Veteran Stories:
Oswald Purkis

Civilian

  • This document allowed Oswald Purkis to leave Canada on June 12, 1917 for business purposes during the First World War. Courtesy of Oswald Purkis' son Frank.

    This document allowed Oswald Purkis to leave Canada on June 12, 1917 for business purposes during the First World War. Courtesy of Oswald Purkis' son Frank.
  • Mr. Purkis' Application for Exemption from Military Service. Mr. Purkis had polio as a child so he could not enlist. During WWI, he ran a business renting flags and banners to families who wanted to welcome home returning soldiers.

    Mr. Purkis' Application for Exemption from Military Service. Mr. Purkis had polio as a child so he could not enlist. During WWI, he ran a business renting flags and banners to families who wanted to welcome home returning soldiers.
  • During WWI, the Toronto Daily Star started the Tobacco Fund where people on the homefront could purchase cigarettes to be sent to overseas soldiers. This article described Mr. Purkis' experience with this programme. November 27, 1915.

    During WWI, the Toronto Daily Star started the Tobacco Fund where people on the homefront could purchase cigarrettes to be sent to overseas soldiers. This article described Mr. Purkis' experience with this programme. November 27, 1915.
  • Corporal Hugh Stewart of the 3rd Canadian Field Ambulance overseas sent Mr. Purkis this thank you letter on November 5, 1915 after receiving his donated cigarettes from the Tobacco Fund.

    Corporal Hugh Stewart of the 3rd Canadian Field Ambulance overseas sent Mr. Purkis this thank you letter on November 5, 1915 after receiving his donated cigarettes from the Tobacco Fund.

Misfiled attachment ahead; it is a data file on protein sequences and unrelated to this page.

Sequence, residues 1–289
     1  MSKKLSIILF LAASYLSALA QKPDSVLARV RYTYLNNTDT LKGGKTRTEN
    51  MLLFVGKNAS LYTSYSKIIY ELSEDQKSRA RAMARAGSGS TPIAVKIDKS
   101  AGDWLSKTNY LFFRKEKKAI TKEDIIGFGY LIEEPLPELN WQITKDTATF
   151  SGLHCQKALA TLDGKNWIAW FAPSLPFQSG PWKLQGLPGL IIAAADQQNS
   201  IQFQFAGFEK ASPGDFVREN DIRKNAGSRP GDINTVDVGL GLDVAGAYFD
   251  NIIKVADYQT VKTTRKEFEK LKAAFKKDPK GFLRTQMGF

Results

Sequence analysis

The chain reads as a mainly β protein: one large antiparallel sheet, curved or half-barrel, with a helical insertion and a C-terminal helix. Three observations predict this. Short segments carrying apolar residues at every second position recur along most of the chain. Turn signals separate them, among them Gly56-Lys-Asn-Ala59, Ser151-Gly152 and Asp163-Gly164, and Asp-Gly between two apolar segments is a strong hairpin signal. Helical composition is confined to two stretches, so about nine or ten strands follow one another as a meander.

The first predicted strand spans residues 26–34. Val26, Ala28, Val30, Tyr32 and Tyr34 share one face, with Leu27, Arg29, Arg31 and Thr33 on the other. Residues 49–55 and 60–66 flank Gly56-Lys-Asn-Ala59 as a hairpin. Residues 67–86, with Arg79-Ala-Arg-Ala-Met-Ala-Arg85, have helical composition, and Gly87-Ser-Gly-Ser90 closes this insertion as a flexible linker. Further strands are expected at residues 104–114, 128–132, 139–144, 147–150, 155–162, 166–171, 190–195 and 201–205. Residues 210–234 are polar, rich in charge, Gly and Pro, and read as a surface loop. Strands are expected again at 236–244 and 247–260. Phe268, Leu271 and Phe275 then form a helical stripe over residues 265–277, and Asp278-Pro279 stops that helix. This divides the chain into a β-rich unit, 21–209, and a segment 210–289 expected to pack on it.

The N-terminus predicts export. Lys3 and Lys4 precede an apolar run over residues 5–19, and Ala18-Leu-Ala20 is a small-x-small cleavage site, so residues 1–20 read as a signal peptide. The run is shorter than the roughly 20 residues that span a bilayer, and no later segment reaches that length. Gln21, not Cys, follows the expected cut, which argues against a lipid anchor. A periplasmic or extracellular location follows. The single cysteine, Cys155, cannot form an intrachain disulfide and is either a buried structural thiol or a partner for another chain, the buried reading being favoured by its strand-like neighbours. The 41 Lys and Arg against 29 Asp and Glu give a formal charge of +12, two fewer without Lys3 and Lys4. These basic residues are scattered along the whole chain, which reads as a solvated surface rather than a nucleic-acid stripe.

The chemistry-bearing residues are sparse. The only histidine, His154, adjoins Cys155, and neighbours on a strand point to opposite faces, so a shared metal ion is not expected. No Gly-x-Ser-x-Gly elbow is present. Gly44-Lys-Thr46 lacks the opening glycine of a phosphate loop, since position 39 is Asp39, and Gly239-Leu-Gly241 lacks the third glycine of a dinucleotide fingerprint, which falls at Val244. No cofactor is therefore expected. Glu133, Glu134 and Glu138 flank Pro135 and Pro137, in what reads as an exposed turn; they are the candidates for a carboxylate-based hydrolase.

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Transcript

My father's name was Oswald Purkis. He was born and raised in Toronto. Unfortunately at the age of three he had polio, which left him partially crippled in one leg, so that as he walked he dragged his one foot.

He grew up and went through public school as far as grade eight, but got no further. One of his school chums and a chum that he hung around with was a William Wright. They did many things together, and were in Rochester when World War One was declared. Returning home and a year or so later, William Wright enlisted in the Army, and my father, because of his handicap, was denied serving overseas, which he was quite thankful for I think because so many fellows lost their lives.

Also because of his handicap and his polio, which carried on for all his life because these diseases do afflict you for many years, he tried to figure out some of the things he could do and one that was passed down in the family history was when the newspapers would list the casualties and the homecoming of wounded soldiers, he and his father would send out postcards to those particular families advertising a banner of welcome home, and a multitude of flags of different sizes that could be put up around the home to welcome the individual home. He carried on this business for quite a few years through the war, and then of course when the war ended, that was the end of that activity.

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